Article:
North Carolina ‘bathroom bill’ trial waits on decision from SCOTUS

FILE - In this May 4, 2016 file photo, North Carolina Gov. Pat McCrory make remarks concerning House Bill 2 while speaking during a government affairs conference in Raleigh, N.C. McCrory has taken a beating from critics over a law dictating which restrooms transgender people can use, highlighting what they call the economic harm and reputation it’s causing North Carolina. McCrory is retrying to reshape the narrative heading into a tough re-election campaign by going after the federal government.

FILE - In this May 4, 2016 file photo, North Carolina Gov. Pat McCrory make remarks concerning House Bill 2 while speaking during a government affairs conference in Raleigh, N.C. McCrory has taken a beating from critics over a law dictating which restrooms transgender people can use, highlighting what they call the economic harm and reputation it’s causing North Carolina. McCrory is retrying to reshape the narrative heading into a tough re-election campaign by going after the federal government. (AP Photo/Gerry Broome, File)

RALEIGH, N.C. (AP) — The trial over a North Carolina law restricting restroom access for transgender people is being pushed back by several months, attorneys challenging the law said Friday.

U.S. Magistrate Judge Joi Elizabeth Peake granted a request from the state’s Republican leaders to delay the North Carolina trial while the U.S. Supreme Court considers whether to hear a Virginia case on transgender restroom access, according to a brief entry in the federal court docket.

James Esseks, an ACLU lawyer on the team representing three transgender residents, said the judge’s order means the case will be pushed back from its November trial date until May 2017. Justice Department spokesman David Jacobs also confirmed in an email that the trial was being delayed until May.

The so-called HB2 law requires transgender people to use restrooms in schools and many other public buildings that correspond with the sex on their birth certificate, not their gender identity. Passed in March, it also limits other antidiscrimination protections for LGBT people.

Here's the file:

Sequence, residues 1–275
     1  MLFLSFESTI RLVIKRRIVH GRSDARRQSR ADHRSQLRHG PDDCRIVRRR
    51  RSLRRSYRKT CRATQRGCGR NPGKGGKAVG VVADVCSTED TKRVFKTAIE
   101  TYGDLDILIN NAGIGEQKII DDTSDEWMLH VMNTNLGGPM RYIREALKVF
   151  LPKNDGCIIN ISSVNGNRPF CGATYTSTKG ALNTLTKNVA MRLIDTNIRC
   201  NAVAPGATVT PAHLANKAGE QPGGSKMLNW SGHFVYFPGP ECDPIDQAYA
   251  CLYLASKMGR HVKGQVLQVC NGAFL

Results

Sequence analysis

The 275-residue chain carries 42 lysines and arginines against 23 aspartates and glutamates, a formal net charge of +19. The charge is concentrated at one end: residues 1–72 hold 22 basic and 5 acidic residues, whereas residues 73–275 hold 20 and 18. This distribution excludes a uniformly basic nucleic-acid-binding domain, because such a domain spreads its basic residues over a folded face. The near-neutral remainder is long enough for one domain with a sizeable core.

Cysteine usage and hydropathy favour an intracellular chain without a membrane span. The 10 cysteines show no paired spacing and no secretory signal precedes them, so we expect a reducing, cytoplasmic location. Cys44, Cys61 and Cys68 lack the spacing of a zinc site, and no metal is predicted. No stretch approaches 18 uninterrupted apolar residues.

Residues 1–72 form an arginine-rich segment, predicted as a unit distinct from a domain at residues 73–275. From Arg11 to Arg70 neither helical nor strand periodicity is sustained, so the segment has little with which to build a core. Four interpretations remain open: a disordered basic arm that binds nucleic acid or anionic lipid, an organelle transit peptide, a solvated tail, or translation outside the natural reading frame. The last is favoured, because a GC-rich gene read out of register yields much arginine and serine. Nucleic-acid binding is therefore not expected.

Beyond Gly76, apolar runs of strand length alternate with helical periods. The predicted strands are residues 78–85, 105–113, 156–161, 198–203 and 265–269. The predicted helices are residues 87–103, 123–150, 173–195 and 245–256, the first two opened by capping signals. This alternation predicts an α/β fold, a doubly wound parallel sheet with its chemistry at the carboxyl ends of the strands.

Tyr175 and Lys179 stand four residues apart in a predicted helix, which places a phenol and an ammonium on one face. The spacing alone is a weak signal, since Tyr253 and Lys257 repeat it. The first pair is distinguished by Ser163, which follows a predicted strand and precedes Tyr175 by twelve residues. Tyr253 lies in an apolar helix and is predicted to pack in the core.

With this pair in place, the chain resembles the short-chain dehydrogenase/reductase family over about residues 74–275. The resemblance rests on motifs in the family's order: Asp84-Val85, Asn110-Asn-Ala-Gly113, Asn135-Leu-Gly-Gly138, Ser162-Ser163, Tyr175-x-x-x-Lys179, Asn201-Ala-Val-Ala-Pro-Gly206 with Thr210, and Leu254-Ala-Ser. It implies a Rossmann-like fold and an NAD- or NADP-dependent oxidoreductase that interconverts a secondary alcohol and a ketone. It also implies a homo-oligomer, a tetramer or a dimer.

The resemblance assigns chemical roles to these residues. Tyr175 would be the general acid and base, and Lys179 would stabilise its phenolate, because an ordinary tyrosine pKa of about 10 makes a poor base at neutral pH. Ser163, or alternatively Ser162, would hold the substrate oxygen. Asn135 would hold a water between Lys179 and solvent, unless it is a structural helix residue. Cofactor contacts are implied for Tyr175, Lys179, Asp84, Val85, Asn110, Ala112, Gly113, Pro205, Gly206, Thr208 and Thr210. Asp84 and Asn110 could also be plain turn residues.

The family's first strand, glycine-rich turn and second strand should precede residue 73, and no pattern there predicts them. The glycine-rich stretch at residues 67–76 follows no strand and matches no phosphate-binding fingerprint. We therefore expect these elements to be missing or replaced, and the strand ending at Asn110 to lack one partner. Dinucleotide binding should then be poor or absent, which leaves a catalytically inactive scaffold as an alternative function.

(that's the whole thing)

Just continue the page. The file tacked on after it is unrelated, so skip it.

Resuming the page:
The state’s Republican governor and legislative leaders argue the law is needed to protect privacy and safety by keeping men out of women’s restrooms. Transgender residents challenging the law say that restroom safety is protected by existing laws, while the North Carolina measure is harmful and discriminatory.

The Republican leaders had asked the court to halt the proceedings while the Supreme Court decides if it will take the Virginia case, which centers on a transgender high school student who is asking officials to allow him to use a male restroom.

Meanwhile, the transgender plaintiffs in North Carolina received a favorable ruling when a judge ruled last week that they must be allowed to use restrooms conforming to their gender identity at University of North Carolina campuses. They have asked an appeals court to expand the scope of the ruling to all transgender people in the state, not just those involved in the lawsuit.

Last week, U.S. District Judge Thomas Schroeder partly granted a preliminary injunction for three transgender plaintiffs, saying they have a strong chance of proving their arguments that HB2 violates Title IX, a federal law prohibiting gender discrimination in educational institutions.

However, Schroeder said the plaintiffs haven’t shown they’ll likely succeed with their claim that HB2 also violates constitutional equal protection rights, and he reserved judgment on another constitutional claim related to due process.

The transgender residents are asking the 4th Circuit to rule in their favor on the equal protection claim, which would expand their preliminary injunction to all transgender North Carolina residents, their lawyers have said.

Lawyers for Republican Gov. Pat McCrory and state legislative leaders wrote in a filing earlier this week that the ACLU had dropped its opposition to delaying the trial, and that all parties wanted to discuss the schedule at a status conference before Peake on Friday.

Esseks said the ACLU is agreeing to the delay because it wants to give the 4th Circuit Court of Appeals time to consider the plaintiffs’ request.

Schroeder is presiding over ACLU and Justice Department cases challenging the law, with assistance from Peake. Another case filed by McCrory in a separate federal court is moving more slowly.

© 2016, Associated Press, All Rights Reserved.
This material may not be published, broadcast, rewritten, or redistributed.

This Story Filed Under

Comments